The latest leg of the “Revenge Tour” is now over and one thing is for certain after eight weeks of football without a Michigan loss: we called things way too early after the loss to Notre Dame.
The Jim Harbaugh hot seat talk, the comments about this team being soft and not playing with an edge, whatever it was. Those of us that felt that way have to own it and eat crow now because Michigan Football under Harbaugh is truly a buzzsaw for the first time in his four seasons.
Even in 2016 when they let a golden opportunity slip away, there were still fundamental flaws with the team. The quarterback play was not good enough, the offensive line got pushed around in big games, the coaching was tentative and the team cracked under pressure late in the season. They could not not run the ball to close out games and that killer instinct just was not there.
Last season was the first true year where the lineup was made up of a majority of Harbaugh-recruited players and they had a rough go of it. That’s what happens with young teams still building depth. Due to a variety of reasons, the quarterback play was the worst we’d seen from Michigan in a decade.
After 2017, Michigan was staring a 1-5 record against rivals in the face, no wins over a ranked team on the road since 2007 and questions about if this simply is what they were destined to be under Harbaugh. A lot of things had to change this offseason, which included a roundabout shuffling of the coaching staff that led to Ed Warriner replacing Tim Drevno as offensive line coach, Jim McElwain being brought in to coach the wide receivers.
Somewhere along the way, Michigan lost itself and even in the game at Notre Dame this year, there were a lot of lost puppy dog-looking faces on the sideline. But that loss became the fuel for the Wolverines to become what many believed they were destined to be under Harbaugh.
Since Week 1, this team has gotten better every single week with the schedule setting up in a unique way in that the level of competition increased every week with it. All that Michigan has done is improve and pull everyone’s pants down since then. Outside of the 17-0 deficit at Northwestern, these wins have been as thorough a beatdown as anyone could imagine.
People have been waiting for this program to develop an identity and they have one. They are going to hammer you until you break. With that comes frustrations that they let teams hang around and leave chances for points on the field, but they have stuck with that and the second-half floodgates have opened every time, without failure.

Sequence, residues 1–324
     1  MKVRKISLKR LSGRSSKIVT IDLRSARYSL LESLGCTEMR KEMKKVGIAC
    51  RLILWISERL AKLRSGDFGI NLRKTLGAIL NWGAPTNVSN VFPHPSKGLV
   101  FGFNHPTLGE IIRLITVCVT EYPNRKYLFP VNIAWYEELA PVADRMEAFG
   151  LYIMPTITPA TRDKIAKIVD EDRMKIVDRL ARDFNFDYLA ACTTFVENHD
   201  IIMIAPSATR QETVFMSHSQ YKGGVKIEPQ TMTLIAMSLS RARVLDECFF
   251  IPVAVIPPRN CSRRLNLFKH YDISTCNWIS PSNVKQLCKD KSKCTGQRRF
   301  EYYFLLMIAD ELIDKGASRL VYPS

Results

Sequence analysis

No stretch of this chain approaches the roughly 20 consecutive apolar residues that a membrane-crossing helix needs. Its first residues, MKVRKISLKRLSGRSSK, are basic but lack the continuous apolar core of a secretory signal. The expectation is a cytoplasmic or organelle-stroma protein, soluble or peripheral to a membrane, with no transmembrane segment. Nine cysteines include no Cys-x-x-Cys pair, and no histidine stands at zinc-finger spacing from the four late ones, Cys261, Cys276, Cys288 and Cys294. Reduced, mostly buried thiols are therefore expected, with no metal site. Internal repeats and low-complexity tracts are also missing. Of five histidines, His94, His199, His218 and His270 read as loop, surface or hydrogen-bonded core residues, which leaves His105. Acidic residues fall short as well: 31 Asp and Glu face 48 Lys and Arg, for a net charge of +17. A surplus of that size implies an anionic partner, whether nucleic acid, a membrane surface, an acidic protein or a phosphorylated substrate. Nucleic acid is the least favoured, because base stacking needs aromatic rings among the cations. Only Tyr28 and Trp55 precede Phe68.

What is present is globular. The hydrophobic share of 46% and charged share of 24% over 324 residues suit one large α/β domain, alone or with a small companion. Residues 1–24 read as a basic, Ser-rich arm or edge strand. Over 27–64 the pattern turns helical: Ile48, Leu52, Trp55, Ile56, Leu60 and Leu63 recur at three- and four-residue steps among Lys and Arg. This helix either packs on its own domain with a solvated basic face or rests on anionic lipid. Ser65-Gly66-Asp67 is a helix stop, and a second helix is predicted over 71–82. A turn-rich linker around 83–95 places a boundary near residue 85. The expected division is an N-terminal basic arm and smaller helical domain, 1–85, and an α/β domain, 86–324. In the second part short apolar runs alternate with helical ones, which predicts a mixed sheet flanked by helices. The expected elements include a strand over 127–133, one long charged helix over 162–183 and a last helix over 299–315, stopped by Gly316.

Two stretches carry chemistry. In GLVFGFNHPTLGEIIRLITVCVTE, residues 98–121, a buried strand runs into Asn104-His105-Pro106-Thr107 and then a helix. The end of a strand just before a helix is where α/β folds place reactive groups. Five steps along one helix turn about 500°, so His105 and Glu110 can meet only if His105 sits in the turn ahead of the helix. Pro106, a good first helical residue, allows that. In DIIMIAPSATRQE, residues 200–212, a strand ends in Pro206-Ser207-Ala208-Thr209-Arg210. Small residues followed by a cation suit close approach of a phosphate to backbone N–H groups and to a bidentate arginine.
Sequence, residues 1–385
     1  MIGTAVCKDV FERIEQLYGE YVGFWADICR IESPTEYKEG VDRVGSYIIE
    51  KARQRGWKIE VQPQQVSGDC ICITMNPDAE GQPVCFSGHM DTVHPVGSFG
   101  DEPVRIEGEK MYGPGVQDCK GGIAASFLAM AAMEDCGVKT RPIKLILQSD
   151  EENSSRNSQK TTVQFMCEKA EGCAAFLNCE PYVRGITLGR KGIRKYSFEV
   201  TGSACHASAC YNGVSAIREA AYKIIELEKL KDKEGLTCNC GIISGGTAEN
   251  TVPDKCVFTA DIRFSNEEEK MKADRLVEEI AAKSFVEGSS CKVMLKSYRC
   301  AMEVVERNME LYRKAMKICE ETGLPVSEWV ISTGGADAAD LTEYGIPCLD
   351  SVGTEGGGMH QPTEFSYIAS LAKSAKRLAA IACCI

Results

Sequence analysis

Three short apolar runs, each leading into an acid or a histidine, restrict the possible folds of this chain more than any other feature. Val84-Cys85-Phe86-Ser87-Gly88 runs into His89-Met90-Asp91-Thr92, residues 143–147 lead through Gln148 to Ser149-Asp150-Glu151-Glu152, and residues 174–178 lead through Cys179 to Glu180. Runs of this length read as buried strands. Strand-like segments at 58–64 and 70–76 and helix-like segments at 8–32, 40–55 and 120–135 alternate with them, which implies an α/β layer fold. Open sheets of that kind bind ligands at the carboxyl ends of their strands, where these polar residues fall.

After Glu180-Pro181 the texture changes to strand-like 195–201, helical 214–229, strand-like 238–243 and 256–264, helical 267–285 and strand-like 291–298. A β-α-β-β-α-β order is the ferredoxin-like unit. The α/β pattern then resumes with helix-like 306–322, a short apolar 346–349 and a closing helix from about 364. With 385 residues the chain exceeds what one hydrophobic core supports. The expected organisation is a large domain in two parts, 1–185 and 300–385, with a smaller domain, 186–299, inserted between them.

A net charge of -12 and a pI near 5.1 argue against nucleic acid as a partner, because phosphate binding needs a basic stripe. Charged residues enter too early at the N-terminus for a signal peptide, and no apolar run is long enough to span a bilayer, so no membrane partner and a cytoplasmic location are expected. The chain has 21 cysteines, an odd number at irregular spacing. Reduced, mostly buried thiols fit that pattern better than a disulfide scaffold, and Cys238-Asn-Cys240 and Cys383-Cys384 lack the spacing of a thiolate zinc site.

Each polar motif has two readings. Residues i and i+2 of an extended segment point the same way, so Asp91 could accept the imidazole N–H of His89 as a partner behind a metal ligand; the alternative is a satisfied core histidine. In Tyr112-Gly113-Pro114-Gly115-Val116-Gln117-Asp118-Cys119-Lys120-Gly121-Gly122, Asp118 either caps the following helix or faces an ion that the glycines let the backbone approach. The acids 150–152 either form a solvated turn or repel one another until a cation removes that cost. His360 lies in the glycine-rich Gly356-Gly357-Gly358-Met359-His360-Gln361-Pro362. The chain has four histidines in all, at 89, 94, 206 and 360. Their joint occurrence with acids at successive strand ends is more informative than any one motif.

Time off the clock with sustained drives is more valuable to this team right now than points are because it ensures that arguably the best Michigan defense in 20 years stays fresh and does not lose an edge. Could that come back to haunt them at some point? Maybe. But when the defense is playing the way it is, it may not matter if they score 13 points or 80 points.
This team and their players have taken on the identity of their head coach as a group that uses perceived slights against them as fuel and keeps all of the receipts. That’s why you see the stomping of the Spartan logo, the celebration on the field, the mocking of touchdown celebrations. As Chase Winovich said, this team has been bullied and wants its lunch money back, with interest paid.
The offensive line has gone from one of the worst among Power 5 schools into one of the nation’s most stout with the arrow continuing to point upward. Warriner deserves every cent and quite frankly, a blank check from Michigan when the time comes.
They can run the ball to close out games. Their defense gets better as the game goes on. They’ve got a quarterback with big-play ability that has been smart and efficient all season long. They’re young wide receivers are getting separation and are able to make big plays down the field. All of the ingredients are there and are coming together truly for the first time under Harbaugh, who after a few seasons with major question marks is pulling all of the right strings and has seen his full vision for his brand of football being realized for the first time in Ann Arbor.
It was always going to take time and year four was always going to be the make-or-break year that told you what Michigan was going to be. The development timeline accelerated when they won a lot more than they were expected to in that first season and then how 2016 began. They absolutely blew it and had nobody to blame for themselves as to how 2016 ended, but then all of the talent from that team went to the NFL. Any objective fan could have told you that 2017 was going to be a transitional year that set the table for 2018, but the hot take crowd and overly-emotional didn’t want to hear it.
Like Veruca Salt, they didn’t care how, they wanted it now.
There’s a lot of work to be done and now the Revenge Tour subsides for a few weeks. Games against Rutgers and Indiana should serve as their version of small club shows that bands play to work out the kinks to prepare for the bigger gigs. Ohio State is vulnerable and is bleeding right now and Michigan has to go to Columbus and get it done. With this team’s long memory, do not expect a tentative or scared team to go into that building in the last week of November. Everything is right in front of them.
Michigan State beating OSU this upcoming weekend would essentially lock down the East title for the Wolverines, which would be another feather in the cap and another narrative checked off the list. But at this point, not beating Ohio State would be a massive disappointment, perhaps even moreso than 2016.
Hell, you may not only have a chance to beat them. You may have a chance to break them.